Aviation Historian 34
K.Hayward - Collapse of an icon
The prototype L-1011 TriStar, N1011, made its first flight on November 16, 1970, powered by three Rolls-Royce RB.211-22 turbofan engines. Lockheed was suffering from its own financial woes at the time, having run into difficulties with its development of the military C-5A transport and AH-56A Cheyenne helicopter projects.
The port RB.211-22B of a British Airways TriStar during a flight over London - Buckingham Palace is visible at lower right - after the type’s entry into service with the airline in late 1974. Despite early problems with its Hyfil (carbon-fibre composite) blades and weight issues, the RB.211 finally began to deliver on its promise.
The TriStar made its UK public debut at the SBAC show at Farnborough in September 1972, the fifth production example, N305EA, being displayed in a hybrid BEA/Eastern Airlines colour scheme. The aircraft was actually one of the first batch for Eastern. The type was never operated by BEA, but did serve with British Airways.
Daniel J. Haughton, Chairman of the Lockheed Board from May 1967, presents a model of the company’s L-1011 wide-body airliner, flanked by models of two of the manufacturer’s previous products - the Electra (left) and Constellation. The building of the airliner was to some extent dependent on the delivery of its Rolls-Royce engines - and vice versa.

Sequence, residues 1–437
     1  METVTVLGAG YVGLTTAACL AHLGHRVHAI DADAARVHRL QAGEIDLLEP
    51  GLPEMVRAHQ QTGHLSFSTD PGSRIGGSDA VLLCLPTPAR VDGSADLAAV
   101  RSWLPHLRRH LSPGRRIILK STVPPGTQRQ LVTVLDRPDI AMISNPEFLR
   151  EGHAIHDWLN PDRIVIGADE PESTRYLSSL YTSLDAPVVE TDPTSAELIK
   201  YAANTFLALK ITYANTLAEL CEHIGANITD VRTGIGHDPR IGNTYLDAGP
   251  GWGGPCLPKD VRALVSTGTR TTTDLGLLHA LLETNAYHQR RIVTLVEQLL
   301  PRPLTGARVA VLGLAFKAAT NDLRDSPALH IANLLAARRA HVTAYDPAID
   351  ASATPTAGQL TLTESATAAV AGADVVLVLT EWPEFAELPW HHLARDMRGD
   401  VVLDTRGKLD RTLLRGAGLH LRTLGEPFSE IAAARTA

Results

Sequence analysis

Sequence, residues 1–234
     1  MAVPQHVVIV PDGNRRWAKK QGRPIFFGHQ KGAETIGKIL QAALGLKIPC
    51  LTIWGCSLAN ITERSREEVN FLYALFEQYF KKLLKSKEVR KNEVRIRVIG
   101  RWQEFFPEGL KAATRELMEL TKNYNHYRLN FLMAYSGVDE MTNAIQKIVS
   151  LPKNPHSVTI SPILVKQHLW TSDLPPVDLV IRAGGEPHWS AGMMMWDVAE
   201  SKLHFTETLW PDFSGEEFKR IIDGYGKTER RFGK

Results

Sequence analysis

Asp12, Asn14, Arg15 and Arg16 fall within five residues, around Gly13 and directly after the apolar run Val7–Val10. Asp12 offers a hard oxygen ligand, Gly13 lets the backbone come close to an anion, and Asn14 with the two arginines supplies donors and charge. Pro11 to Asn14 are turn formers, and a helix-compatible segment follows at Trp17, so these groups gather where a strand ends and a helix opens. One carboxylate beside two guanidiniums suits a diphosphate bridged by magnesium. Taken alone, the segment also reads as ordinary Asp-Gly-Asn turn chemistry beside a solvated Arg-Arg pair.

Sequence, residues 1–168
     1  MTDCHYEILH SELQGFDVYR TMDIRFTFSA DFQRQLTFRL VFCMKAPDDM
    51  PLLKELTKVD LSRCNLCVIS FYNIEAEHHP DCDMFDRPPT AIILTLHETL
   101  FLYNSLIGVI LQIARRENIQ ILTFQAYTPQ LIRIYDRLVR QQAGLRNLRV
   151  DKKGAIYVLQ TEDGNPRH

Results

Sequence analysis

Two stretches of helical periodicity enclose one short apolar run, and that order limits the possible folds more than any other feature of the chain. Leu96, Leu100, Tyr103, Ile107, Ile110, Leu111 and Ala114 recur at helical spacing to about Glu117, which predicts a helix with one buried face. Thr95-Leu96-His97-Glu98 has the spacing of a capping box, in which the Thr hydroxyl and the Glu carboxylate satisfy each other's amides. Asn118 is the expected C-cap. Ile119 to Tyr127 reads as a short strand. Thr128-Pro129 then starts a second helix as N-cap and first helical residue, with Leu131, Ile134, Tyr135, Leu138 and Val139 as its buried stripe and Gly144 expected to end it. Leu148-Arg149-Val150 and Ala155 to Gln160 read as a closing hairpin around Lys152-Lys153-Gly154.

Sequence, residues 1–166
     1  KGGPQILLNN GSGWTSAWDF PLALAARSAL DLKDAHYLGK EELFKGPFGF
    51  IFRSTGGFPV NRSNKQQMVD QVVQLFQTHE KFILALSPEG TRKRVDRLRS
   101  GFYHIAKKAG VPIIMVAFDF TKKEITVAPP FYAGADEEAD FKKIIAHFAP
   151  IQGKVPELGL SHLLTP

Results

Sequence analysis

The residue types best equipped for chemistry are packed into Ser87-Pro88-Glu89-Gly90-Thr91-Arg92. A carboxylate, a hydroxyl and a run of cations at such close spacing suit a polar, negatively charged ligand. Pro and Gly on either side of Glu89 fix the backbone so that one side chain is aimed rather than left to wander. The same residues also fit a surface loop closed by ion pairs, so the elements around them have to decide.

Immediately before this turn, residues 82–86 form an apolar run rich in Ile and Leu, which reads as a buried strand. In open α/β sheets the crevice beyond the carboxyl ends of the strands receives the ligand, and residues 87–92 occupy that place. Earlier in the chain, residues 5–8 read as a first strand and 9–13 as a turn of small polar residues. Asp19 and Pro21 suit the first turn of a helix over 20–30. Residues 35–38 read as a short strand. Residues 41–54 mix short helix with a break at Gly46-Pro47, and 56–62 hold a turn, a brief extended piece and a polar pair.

The power and - eventually - the glory. A Qantas Boeing 747’s starboard pair of Rolls-Royce RB.211-524s, still working hard in July 2007.
In June 1977 British Airways became the first airline to take delivery of the RB.211-524-powered Boeing 747, the famous Jumbo having been powered by American Pratt & Whitney JT9Ds up to that point. Qantas followed suit, having discovered that British Airways ’ RB.211-powered 747s burnt some seven per cent less fuel than its JT9D-equipped fleet - a saving of about $1m per year per aircraft.
In the 1980s the RB.211 evolved again to become the RB.211-535, which was selected by Boeing to power its 757 narrow-body medium-range jetliner, the first time the British company had supplied a launch engine on a Boeing aircraft. Variants of the RB.211-535 went on to power Boeing’s 767 and the Russian Tupolev Tu-204 airliner.